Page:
This could mean, among others, new varieties of food, construction of state-of-the-art lodges from local resources, and classic entertainment events capable of bringing foreigners in touch with the culture, history, and traditions of Africa, Nigeria, and Ekiti especially.

Innovative separation of religion elements from traditional festivals will also keep loads of tourists coming, bringing with them a boost in the state's economic activities during such events.

Furthermore, education is globally regarded as one of the variables of economic growth. Ekiti people, though perceived as highly educated, have not translated their knowledge into economic prosperity so far. This is partly a result of the rigid nature of curriculums in use across Nigerian states. World economies are changing rapidly these days, and education must evolve to meet up with these changes. Quality education in the latest world is one that nurtures the entrepreneurship spirit and attracts money. Employers lay more emphasis now on the skills, talents, and exposure of individuals; and modern education systems respond to these demands with up-to-the-minute curriculums and the integration of exciting technological innovations into the educational activities of teachers, students, and parents. Computers, mobile phones, and other preloading digital devices are being associated with classroom activities for better outcomes. Australian students, for instance, can access over 26,000 educative documentaries on science and social studies with the help of an innovative online streaming service called Kanopy, while Finland uses an entirely different, yet so successful education model that lets students flourish under zero academic pressure. Educational Innovations from school administrators, teachers, and policy makers will further prepare Ekiti students for life out of school, and thus facilitate economic development for the state.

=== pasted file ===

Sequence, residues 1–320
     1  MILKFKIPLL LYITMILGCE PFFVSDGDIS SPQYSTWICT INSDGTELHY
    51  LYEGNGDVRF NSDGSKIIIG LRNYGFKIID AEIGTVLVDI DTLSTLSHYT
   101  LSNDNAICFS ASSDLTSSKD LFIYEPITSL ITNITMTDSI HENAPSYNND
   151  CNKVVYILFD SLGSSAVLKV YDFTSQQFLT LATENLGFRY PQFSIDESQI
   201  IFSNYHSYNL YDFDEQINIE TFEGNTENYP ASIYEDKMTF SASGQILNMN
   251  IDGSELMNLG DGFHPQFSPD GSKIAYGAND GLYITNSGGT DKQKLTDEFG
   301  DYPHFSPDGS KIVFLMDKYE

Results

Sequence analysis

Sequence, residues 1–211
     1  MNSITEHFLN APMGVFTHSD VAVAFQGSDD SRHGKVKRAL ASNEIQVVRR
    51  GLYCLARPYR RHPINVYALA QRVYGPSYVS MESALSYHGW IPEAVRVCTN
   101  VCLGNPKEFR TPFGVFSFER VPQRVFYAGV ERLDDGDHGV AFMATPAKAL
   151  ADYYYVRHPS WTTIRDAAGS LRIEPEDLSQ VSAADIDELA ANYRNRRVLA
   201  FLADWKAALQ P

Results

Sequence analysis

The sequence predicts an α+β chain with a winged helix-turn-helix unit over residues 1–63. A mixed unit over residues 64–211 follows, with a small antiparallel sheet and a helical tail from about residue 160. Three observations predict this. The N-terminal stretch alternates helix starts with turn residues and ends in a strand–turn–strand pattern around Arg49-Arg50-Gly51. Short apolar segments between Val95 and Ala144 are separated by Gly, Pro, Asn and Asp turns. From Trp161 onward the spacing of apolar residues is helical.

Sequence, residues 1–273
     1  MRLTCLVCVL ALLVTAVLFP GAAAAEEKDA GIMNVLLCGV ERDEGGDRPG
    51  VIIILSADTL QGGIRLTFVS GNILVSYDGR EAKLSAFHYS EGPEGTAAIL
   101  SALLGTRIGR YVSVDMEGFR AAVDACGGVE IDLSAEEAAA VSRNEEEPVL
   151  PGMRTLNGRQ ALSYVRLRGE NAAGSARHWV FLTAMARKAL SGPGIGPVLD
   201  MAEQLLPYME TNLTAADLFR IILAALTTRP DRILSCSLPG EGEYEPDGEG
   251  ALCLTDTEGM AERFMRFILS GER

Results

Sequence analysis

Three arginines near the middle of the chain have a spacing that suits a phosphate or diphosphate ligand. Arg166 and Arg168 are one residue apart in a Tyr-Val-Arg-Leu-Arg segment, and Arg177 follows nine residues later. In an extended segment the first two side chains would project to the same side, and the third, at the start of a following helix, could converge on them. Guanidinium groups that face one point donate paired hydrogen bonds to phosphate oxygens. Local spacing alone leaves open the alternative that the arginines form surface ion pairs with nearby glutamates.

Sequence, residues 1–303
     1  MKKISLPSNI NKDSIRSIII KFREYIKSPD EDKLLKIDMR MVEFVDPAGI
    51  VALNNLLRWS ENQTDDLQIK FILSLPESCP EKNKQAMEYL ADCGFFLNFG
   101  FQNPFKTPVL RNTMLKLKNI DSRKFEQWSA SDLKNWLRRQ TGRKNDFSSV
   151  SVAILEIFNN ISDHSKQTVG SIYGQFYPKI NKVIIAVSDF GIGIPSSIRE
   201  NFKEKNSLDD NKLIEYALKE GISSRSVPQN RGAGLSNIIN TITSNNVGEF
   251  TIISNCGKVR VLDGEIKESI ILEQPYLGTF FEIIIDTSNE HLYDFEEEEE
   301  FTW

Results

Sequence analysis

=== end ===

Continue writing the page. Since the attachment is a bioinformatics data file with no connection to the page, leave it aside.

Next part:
Modern technological items, however, require reliable power supply to serve their purposes in the education sector and elsewhere. This is the entry point of power/energy Innovation. At the macro scale, most Nigerians across the 36 states have no access to electricity, and this has been a major setback for economic growth in Ekiti as productivity is retarded across all sectors.